December 14, 2017
If you’ve suffered a financial reversal or you’re just not making enough money to cover all that you owe, bankruptcy might be the answer to get you back on track. To make that happen, you’ll need to decide whether Chapter 7 or Chapter 13 bankruptcy is best for you. Then you’ve got to gather information and complete bankruptcy forms. This article will help you get started.
You’ll learn where to find the official bankruptcy forms, North Dakota means test figures, credit counseling providers, and your local bankruptcy court. Also, you’ll learn about protecting property in a North Dakota bankruptcy case.
Official Bankruptcy Forms
Before the bankruptcy court will forgive (discharge) your debt, you have to disclose your entire financial picture, including income, expenses, property, debt, and property transactions. You’ll use official bankruptcy forms that you can complete on the U.S. Courts Form page. The paperwork gets filed in the North Dakota bankruptcy court along with a filing fee or fee waiver and proof that you’ve completed the required pre-filing counseling course (more below).
North Dakota Bankruptcy Information
Bankruptcy is a federal process, but you’ll also need to use some North Dakota rules and laws.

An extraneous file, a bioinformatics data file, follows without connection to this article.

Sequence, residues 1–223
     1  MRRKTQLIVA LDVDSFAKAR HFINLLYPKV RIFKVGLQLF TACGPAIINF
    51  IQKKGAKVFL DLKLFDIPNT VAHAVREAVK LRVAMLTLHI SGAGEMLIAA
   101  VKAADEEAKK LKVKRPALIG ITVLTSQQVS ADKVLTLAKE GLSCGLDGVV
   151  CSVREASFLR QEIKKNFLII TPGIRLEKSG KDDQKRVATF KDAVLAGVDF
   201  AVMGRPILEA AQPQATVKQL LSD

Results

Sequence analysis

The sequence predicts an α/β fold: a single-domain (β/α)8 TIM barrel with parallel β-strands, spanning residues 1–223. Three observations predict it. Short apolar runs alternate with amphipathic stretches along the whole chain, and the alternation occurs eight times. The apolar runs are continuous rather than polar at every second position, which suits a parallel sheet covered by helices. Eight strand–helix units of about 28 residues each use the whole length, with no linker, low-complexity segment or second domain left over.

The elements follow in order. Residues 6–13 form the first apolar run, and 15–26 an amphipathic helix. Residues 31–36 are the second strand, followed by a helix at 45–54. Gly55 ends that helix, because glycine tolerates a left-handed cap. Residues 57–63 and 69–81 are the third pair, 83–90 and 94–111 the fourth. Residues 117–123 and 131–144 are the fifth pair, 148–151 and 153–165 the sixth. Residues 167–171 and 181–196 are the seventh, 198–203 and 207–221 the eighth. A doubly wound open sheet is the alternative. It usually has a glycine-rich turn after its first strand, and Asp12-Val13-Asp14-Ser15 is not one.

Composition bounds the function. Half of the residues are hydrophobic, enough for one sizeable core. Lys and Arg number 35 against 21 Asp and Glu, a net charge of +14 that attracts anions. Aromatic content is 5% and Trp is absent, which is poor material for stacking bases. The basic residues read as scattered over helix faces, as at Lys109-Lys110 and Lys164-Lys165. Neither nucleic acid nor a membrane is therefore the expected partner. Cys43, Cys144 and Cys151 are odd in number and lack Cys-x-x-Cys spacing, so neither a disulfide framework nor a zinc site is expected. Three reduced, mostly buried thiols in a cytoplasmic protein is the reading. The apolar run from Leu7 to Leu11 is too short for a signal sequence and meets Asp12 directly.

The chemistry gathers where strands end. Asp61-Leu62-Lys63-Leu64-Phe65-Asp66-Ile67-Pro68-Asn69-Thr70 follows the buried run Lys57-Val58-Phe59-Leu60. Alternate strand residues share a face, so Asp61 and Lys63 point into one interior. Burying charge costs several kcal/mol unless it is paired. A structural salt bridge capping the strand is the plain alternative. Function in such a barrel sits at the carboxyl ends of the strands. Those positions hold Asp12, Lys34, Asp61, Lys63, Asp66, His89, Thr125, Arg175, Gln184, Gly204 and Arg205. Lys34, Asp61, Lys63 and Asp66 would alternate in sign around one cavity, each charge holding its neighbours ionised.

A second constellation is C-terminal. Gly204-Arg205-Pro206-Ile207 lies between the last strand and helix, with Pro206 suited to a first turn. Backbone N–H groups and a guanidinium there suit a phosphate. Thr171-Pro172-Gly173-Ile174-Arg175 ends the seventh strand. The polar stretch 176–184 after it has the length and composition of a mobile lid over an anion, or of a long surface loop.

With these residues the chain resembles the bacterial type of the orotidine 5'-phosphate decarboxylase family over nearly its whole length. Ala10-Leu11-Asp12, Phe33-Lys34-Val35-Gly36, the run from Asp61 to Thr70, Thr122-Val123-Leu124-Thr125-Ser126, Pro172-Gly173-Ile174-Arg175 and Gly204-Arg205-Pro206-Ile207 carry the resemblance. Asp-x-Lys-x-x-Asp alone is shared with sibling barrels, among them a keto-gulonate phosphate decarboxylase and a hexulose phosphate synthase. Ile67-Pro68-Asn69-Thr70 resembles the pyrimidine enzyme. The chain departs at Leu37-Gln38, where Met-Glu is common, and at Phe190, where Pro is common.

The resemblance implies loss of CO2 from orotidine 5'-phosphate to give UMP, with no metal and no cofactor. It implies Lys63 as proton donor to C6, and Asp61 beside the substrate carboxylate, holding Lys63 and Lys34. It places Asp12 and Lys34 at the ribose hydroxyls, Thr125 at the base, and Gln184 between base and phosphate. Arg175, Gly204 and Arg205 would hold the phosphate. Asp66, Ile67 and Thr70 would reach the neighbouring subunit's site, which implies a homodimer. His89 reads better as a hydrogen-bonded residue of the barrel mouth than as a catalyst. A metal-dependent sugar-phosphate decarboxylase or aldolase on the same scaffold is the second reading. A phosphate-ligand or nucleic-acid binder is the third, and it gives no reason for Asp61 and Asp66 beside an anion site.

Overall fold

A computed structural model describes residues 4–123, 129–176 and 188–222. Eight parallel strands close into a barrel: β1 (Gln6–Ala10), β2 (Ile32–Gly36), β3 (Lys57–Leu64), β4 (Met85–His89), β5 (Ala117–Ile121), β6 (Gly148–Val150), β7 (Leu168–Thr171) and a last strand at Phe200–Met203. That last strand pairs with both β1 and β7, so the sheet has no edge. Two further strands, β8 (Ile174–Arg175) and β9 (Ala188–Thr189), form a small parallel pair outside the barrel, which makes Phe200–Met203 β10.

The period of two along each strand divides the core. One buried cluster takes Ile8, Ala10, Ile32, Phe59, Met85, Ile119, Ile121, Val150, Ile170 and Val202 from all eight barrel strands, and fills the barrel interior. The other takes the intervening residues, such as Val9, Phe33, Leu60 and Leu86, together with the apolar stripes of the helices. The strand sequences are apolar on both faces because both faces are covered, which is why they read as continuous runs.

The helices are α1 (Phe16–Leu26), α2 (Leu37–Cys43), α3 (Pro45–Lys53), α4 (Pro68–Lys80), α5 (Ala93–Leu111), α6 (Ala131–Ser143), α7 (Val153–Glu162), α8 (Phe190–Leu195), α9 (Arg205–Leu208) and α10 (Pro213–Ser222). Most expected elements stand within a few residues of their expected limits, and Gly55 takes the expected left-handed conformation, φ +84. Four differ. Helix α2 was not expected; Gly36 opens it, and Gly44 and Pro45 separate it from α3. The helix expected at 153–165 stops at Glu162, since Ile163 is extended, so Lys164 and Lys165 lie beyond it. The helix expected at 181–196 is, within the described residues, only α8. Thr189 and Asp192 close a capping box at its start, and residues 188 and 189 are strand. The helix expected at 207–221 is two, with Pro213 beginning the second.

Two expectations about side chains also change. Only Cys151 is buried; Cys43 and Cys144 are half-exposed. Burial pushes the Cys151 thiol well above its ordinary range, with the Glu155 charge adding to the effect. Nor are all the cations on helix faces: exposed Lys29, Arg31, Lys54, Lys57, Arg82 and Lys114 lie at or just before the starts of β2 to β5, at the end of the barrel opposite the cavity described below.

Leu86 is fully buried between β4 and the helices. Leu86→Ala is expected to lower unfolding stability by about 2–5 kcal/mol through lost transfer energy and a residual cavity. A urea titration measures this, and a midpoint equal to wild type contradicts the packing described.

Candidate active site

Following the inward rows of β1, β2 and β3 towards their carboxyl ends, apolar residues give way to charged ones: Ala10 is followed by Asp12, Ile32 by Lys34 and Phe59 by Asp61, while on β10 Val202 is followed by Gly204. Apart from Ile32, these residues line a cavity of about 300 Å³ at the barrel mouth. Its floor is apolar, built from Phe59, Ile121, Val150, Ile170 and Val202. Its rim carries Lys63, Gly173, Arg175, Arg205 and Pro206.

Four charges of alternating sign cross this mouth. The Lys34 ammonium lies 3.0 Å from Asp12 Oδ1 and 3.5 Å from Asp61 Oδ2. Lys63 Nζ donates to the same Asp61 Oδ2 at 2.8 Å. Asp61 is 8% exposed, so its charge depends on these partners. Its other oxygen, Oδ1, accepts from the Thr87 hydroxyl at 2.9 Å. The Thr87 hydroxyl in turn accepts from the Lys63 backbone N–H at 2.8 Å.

Means Testing and Credit Counseling Information
The U.S. Trustee website publishes two types of data you need: means testing figures and approved credit counseling providers.
- Means testing information. In Chapter 7 bankruptcy, you must meet income qualifications by passing a “means test.” If your family income exceeds the median income of North Dakota, you might pass the test after subtracting pre-set expenses. If it’s lower than the median, you qualify. You’ll find the income and expense guidelines on the U.S. Trustee’s website (select “Means Testing Information”). If you file a Chapter 13 bankruptcy, a similar calculation will help you determine your plan payment.
- Credit counseling courses. Most filers must complete a credit counseling course before filing for bankruptcy and a debt management course during the case. You can find the approved providers by clicking “Credit Counseling & Debtor Education” and scrolling down to North Dakota.
North Dakota Bankruptcy Court Location
On the North Dakota Bankruptcy Court website, you’ll find the court’s local rules and instructions for filing your paperwork (click on “Filing Without an Attorney”). In North Dakota, there’s one bankruptcy court location:
U.S. Bankruptcy Court
Quentin N. Burdick United States Courthouse
655 1st Ave North, Suite 210
Fargo, ND 58102
North Dakota Bankruptcy Exemptions
Many people worry that they’ll lose property when they file bankruptcy, but that isn’t usually the case. You might not have to turn over any assets at all. The property that you can exempt (protect) is detailed on the North Dakota exemption list.
Anything that doesn’t appear on the list is nonexempt and can be liquidated by the Chapter 7 bankruptcy trustee appointed to your case for the benefit of your creditors. When you file a Chapter 13 bankruptcy, the process is different. You won’t turn over any assets if you can afford to “buy back” the property by paying its value to your creditors through your Chapter 13 repayment plan.
Unless otherwise stated, a married couple filing together can double the North Dakota bankruptcy exemption amount if you both own the property.